7. Add the soy sauce to taste

It’s almost embarrassingly easy.

If you have some mushrooms laying around you could add them. Slice them thinly and add them with the sliced cabbage.

Vegetable Stir Fry

Vegetable Stir Fry

I served it with a few slices of medium rare steak cooked on the grill.

Steak with Stir Fried Veggies

A perfect no or low carb quick meal.

Do you think the folks at Fiesta Friday would like this? This week it is Fiesta Friday #314 hosted by Angie and co-hosted by me. Drop on by to read the great recipes and craft ideas.

November – Palm Tree Leeks

November – Palm Tree Leeks

I’ve never been impressed by leeks unless they are in a potato leek soup. Generally, give me onions or scallions or shallots. That is until I saw this unusual recipe in Nothing Fancy: Unfussy Food for Having People Over by Alison Roman. Alison is a regular contributor to the NT Times food section and this is her first cookbook. She shared my opinion, having ignored them for years.

She says “Here, leeks sizzle in a spicy olive oil mixture, the wild tendrilly ends crisping up like they have been deep fried, looking like an extremely festive and delicious party decoration. The pale green centers become creamy and tender.”

This is preparing leeks in an entirely different way! In a way it’s like roasting kale, who would have believed you could take this vegetable and turn it into delicious chips even the youngest child would love. Even better, they look like palm trees which is really a hoot.

Spicy Caramelized Leeks with Fresh Lemon

Spicy Caramelized Leeks with Fresh Lemon

Ingredients:

  • 4 large leeks, dark green parts removed, washed and halved lengthwise with roots still intact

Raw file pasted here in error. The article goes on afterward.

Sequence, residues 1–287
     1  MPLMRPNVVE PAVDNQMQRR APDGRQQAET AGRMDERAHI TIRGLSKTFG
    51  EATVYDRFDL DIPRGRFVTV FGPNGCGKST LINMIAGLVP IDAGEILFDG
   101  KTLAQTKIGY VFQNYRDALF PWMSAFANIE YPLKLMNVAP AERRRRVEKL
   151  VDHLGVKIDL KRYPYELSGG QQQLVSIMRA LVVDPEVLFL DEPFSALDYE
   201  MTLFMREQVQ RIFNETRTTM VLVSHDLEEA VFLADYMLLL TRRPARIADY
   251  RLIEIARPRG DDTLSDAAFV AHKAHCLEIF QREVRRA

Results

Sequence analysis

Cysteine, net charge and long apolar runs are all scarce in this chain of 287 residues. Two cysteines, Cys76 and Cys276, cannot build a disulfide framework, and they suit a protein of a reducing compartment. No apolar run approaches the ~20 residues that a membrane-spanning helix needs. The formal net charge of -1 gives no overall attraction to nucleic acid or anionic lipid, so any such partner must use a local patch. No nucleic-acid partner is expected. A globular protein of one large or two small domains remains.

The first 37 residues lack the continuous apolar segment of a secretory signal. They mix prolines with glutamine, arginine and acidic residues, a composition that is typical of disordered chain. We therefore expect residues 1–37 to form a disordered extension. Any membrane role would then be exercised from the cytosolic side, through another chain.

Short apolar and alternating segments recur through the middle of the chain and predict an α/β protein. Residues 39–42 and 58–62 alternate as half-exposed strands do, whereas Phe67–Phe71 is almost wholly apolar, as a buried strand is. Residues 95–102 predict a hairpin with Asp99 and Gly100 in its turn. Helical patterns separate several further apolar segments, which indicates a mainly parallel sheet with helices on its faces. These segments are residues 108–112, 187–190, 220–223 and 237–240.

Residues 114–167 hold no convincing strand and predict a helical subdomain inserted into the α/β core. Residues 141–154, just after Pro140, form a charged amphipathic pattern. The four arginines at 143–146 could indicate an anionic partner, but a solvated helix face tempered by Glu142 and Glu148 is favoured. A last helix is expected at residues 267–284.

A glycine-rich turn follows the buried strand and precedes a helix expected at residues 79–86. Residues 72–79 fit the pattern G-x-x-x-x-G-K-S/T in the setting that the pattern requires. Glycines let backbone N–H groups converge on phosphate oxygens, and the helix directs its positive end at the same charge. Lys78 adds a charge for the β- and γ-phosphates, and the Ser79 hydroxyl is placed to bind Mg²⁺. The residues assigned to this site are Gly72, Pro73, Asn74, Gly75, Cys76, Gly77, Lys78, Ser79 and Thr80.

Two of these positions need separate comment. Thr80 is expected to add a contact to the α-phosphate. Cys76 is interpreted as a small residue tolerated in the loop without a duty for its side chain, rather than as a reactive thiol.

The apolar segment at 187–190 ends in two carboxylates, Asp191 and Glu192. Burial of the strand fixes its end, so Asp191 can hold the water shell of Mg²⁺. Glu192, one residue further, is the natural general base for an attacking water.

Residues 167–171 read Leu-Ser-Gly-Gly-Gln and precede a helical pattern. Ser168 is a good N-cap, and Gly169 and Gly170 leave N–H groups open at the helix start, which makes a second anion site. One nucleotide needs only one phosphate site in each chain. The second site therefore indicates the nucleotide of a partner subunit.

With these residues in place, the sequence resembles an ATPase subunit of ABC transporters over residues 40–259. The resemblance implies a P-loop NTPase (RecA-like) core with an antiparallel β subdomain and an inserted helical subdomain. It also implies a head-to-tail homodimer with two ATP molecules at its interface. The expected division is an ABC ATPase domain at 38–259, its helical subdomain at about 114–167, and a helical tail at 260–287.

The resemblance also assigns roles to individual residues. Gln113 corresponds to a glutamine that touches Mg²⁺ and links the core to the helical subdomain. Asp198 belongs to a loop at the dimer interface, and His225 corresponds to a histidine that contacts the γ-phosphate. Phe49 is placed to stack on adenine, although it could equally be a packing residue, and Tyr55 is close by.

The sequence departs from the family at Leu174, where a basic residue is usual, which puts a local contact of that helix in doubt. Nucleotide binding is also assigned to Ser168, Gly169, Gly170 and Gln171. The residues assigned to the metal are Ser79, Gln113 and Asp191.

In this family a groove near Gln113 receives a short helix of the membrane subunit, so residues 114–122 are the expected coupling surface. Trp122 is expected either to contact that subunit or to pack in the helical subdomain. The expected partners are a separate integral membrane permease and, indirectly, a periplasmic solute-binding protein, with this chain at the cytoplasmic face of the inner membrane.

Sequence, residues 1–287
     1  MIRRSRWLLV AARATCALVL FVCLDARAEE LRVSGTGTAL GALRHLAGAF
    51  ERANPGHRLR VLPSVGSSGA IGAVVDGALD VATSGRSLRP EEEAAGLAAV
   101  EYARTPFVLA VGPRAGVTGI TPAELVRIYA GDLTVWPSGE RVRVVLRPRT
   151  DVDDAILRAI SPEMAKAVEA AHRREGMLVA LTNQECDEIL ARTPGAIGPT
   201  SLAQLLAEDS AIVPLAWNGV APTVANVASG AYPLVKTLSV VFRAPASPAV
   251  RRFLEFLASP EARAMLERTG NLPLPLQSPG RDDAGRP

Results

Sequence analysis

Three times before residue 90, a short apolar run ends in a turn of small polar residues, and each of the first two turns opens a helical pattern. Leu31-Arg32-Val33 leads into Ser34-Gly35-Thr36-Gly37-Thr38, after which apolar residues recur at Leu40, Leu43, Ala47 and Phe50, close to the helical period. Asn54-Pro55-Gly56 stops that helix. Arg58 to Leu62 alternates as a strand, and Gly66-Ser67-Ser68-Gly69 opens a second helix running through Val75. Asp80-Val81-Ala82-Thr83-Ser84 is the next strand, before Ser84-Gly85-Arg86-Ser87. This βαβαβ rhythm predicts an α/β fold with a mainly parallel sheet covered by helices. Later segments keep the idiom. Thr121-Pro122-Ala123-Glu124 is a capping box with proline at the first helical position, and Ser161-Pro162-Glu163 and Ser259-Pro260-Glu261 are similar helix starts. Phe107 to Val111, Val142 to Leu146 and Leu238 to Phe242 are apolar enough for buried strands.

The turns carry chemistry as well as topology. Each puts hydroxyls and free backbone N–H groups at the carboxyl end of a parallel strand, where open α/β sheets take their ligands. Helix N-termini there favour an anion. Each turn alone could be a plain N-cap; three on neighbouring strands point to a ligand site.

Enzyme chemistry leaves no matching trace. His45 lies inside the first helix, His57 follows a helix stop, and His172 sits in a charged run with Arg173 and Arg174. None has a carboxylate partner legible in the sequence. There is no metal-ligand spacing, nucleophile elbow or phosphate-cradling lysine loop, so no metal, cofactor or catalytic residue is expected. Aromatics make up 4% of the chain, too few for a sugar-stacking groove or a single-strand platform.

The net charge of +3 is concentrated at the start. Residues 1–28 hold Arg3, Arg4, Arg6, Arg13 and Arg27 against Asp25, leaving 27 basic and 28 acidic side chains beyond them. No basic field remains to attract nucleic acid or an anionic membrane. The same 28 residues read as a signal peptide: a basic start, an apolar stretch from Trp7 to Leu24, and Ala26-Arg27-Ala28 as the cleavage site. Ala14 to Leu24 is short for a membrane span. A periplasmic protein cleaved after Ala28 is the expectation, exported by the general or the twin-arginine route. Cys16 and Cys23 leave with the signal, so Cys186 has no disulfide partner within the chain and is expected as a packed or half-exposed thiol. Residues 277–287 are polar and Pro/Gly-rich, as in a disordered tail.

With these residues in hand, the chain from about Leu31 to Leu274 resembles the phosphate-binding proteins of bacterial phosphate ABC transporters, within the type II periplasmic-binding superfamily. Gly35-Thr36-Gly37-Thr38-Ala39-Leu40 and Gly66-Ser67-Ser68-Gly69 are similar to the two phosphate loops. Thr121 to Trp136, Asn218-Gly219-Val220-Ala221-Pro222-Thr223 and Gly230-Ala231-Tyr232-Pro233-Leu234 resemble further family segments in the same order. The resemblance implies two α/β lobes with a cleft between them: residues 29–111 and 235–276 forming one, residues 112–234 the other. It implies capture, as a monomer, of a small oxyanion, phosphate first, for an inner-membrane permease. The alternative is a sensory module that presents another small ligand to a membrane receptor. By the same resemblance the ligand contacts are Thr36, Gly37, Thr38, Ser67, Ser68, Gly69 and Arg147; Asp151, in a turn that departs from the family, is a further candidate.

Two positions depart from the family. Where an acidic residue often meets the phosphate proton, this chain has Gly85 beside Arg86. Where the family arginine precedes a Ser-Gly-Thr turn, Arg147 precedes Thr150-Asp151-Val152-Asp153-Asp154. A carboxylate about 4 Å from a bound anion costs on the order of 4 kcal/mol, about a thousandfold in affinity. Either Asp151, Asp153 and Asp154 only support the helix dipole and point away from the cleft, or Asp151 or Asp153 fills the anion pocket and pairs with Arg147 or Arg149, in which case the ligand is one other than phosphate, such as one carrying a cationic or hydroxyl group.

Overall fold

• 1/3 cup olive oil
  • 2 tablespoons harissa paste
  • Kosher salt and freshly ground pepper
  • 1/2 fresh lemon, seeds removed and finely chopped (I used a preserved lemon, white center removed and rind scraped, then the rind finely chopped)

Method:

  1. Preheat the oven to 450 degrees F
  2. Pace the leeks cut side down and, without cutting through to the root, slice them lengthwise into 1/4 inch strips. They will look like a palm fan. Place the leeks on a parchment lined half sheet pan or baking dish.
  3. Whisk the olive oil and harissa paste together, then massage into the leeks, getting into all their layers. Season with salt and pepper and lay them straight-ish.
  4. Roast, without disturbing too much until they start to fry and sizzle and brown at the ends about 20-25 minutes.
  5. Remove from the oven and transfer to a serving platter. Top with the lemon and flaky salt before serving.
Leeks

Palm Frond Leeks

Roasted Leeks

Roasted Leeks

You can roast these several hours ahead of time, they won’t loose their crispness. Cover them at room temperature. There is no need to reheat them unless you want to.

Crispy Leeks

Crispy Leeks

This is such an interesting twist on preparing an often ignored vegetable that I think the folks over at Fiesta Friday #302 will enjoy it. Fiesta Friday is a virtual blogging party hosted each week by Angie, this week it is co-hosted by none other than myself. Please do click on the link to read blogs from around the world of food, crafts, and travel.